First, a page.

It closes the biggest losing position first. If this helps the margin level go above the stop out level, then it doesn’t close any more positions. Then if your other losing positions keep on losing and the margin level goes below the stop out level again, the system closes another losing position which is the biggest open losing position. Just before you go, did you check This System? Make sure to do it now, otherwise you will regret. Read related articles: + Click Here to learn who we are and why this site was created. + Click Here to receive our eBook for free. thanks to the writer. he made it so easy. I would just like to thank you. Good information to understand. Thanks.

Thank you very much. Nice explanation. Thanks for explaining in details and with examples. I was surching for some helpfull material to understand term. I found that this artical is very helpful and easy to understand for me. Thanks buddy. Thank you so much. That really helped me a lot. Thanks Dr Chris. Can you please tell me if I trade with $1000 then is 400:1 leverage suitable for it? If you calculate your risk and you do not take too much risk, yes. Tell me if the margin % percentage is 0.56% and the balance is 744.04 dollar is there a possibility of losing such a balancd. Can you please let me know how to calculate this for a account currency is Euro.

For example i have a Euro account and want to open a long position on GBPJPY. How can i calculate margin here ratio is 100:1. This is the best explanation I’ve come across so far. Thanks heaps! Really there is lot of information and have easy way to understand. I think this is best where is lot of knowledge and better site. thanks. I really am very thankful for this article. This made everything clearer to me now. Thanks much. I am currently trading with a broker who leverage 1:500, should I close my account? I also have tried to contact him many times but get no feedback, however I still receive daily reports from him. Lately he has lost a lot of trades which worries me. Your advice would be appreciated. I would close my account if I were you. What if I start a trade risking the whole account with balance equals equity equals margin right at the very beginning? So no free margin available.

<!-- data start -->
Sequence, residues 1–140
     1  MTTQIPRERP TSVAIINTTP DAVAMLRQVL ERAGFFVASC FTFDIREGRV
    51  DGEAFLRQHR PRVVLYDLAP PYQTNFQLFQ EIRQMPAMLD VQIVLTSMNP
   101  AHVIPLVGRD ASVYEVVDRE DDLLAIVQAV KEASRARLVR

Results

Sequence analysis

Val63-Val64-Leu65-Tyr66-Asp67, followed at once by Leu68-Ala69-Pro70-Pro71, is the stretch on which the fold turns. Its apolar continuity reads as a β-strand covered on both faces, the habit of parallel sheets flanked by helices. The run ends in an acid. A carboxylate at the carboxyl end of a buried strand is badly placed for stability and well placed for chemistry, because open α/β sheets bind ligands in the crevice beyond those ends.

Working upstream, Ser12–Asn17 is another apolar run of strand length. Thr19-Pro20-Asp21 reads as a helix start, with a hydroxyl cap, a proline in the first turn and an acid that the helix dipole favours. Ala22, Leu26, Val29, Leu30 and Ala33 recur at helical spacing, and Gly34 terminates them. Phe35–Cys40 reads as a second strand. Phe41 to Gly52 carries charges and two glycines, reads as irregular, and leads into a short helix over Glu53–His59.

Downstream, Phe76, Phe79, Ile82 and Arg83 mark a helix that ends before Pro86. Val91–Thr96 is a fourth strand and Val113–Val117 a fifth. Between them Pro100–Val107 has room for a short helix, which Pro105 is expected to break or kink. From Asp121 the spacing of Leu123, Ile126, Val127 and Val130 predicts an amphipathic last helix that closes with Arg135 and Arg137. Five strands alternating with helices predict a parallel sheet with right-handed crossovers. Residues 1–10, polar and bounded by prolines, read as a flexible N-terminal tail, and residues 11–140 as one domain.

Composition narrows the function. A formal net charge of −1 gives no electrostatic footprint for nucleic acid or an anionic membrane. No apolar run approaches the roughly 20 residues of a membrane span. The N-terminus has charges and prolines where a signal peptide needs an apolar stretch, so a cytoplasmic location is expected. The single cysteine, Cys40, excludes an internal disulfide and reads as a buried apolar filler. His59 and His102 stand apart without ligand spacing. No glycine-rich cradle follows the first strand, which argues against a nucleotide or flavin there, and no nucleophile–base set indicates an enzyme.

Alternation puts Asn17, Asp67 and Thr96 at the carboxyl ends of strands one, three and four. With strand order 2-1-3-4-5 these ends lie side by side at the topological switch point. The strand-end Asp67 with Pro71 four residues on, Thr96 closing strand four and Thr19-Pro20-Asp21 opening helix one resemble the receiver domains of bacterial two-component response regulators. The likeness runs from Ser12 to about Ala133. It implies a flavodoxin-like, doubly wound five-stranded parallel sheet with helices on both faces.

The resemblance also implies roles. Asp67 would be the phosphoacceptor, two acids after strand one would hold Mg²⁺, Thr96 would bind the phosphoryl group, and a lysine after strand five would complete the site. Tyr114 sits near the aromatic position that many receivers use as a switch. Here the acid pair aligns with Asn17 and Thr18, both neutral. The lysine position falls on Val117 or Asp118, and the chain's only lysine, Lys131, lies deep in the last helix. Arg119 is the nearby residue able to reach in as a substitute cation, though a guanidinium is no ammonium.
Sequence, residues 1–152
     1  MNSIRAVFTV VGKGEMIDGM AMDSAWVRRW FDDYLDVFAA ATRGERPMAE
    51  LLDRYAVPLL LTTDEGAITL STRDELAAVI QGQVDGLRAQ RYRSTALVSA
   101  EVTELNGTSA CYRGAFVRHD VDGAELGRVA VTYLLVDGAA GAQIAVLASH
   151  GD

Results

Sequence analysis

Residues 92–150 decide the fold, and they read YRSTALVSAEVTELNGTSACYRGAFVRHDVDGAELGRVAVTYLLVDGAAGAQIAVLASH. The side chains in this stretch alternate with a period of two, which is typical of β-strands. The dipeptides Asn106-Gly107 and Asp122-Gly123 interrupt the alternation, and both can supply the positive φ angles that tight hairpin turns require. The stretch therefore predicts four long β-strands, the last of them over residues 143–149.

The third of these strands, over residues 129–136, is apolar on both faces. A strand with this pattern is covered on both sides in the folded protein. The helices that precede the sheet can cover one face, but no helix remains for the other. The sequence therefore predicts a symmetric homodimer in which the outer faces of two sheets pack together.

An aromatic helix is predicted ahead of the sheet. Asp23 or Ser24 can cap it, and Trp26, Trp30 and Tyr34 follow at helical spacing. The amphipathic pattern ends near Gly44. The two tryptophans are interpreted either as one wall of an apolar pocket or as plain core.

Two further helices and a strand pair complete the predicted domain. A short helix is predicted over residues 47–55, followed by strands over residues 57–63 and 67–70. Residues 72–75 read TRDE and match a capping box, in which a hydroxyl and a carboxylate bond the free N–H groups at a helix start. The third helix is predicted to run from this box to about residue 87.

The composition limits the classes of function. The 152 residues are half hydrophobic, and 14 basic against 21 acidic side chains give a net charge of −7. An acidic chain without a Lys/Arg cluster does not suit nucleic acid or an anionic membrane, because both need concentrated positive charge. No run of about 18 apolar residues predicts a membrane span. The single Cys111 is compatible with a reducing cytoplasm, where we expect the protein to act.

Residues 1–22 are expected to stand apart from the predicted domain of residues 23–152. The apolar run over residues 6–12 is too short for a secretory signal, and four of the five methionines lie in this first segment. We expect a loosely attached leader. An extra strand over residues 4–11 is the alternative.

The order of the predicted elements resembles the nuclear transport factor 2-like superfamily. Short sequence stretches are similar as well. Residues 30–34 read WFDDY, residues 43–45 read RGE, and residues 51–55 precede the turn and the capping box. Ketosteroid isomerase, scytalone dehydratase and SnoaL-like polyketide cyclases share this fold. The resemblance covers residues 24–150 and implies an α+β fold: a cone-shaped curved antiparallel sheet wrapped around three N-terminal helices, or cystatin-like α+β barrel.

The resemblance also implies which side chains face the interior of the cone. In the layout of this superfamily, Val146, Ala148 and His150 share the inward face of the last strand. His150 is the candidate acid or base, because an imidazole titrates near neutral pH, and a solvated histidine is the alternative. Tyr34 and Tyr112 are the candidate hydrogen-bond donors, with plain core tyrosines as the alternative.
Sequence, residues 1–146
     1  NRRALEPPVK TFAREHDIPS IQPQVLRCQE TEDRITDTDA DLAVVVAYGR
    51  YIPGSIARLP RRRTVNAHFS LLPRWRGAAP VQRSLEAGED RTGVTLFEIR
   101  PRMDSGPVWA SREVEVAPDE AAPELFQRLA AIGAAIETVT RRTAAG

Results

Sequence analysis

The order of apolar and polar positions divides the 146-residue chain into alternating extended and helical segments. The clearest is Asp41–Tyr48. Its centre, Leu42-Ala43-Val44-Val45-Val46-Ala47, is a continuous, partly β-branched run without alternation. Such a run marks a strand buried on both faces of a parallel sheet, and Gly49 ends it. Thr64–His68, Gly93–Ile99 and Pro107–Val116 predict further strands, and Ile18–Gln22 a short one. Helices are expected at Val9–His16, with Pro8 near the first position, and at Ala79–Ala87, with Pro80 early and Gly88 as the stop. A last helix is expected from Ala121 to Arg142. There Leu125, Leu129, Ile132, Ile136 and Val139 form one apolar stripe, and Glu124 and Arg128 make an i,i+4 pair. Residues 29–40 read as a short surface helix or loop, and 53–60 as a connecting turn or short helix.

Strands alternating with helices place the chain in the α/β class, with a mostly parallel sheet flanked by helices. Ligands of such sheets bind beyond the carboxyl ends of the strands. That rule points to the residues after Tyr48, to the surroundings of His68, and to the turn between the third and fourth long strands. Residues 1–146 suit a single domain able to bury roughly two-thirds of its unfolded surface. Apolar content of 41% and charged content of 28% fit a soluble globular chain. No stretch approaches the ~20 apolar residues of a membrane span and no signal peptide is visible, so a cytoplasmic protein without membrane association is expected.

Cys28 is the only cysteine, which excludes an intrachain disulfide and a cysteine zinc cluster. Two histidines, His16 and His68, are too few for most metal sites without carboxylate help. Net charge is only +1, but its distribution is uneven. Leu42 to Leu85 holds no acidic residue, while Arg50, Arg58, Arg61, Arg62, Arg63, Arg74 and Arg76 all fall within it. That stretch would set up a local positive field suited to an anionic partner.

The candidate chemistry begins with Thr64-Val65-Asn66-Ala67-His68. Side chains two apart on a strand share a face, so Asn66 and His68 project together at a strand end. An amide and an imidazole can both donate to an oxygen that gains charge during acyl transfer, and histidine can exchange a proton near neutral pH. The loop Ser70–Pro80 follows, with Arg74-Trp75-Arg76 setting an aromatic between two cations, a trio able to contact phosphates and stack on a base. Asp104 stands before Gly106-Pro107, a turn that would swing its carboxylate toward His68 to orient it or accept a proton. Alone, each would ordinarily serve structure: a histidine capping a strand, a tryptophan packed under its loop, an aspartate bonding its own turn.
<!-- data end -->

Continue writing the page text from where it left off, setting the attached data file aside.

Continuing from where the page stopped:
Can new positionslots be added if the equity increases and thus free margin becomes greater zero? Hi Martin, The answer is yes. This is a suicidal strategy for an idiot: transactions are automatically hedged by Metatrader and other ‘brokers’ (crooks) to flatten your account and liquidate you. Don’t hope by placing a stoploss you can save such a position: the brokers all hunt stops regularly and liquidate accounts this way too. Anyway, like i said it is a suicidal and idiotic ‘strategy.’ The way the systems work (Metatrader especially) is to apply logical algos to retail accounts on a regular basis (not constantly…only when conditions are optimal) in order to rapidly hedge the account (flatten it so that the broker has absolutely no risk exposure) by applying equal opposite trades to the ones you place, automatically until the account is liquidated through ‘margin calls.’ The entire thing is automated and you are helplessly enmeshed once you place a single order: your account will not survive unless you use many combined strategies to prevent the liquidation UNTIL such time as a ‘news release’ (bomb attack; psyop; fake news release) IN YOUR FAVOR comes out and your equity ‘recovers’ above the margin requirement or beyond. But the crooks who rigged the system know that it can be MONTHS before such ‘news’ happens and, in the meantime, they are charging you interest on rollover and spread commission. And that is not to mention the false price spikes they cause to liquidate clients, stop hunting, and numerous other methods to steal your money, just like the lying Jews in the Temple, whom Jesus chased into the dirt. Your explanation is very helpful and really I did all the mistakes you warned about and right now I’m losing USD 25,000!! The situation right now, the buying position equal the selling position and my account is on Margin Call. I need your advise what I should do? And how can I keep my account alive? Your prompt advise is appreciated, cause I have one weak to act otherwise my account will be wiped out. Hi Fayeq. You mean you have hedged and you have taken a long and a short position of the same currency pair at the same time? How much is your total account balance?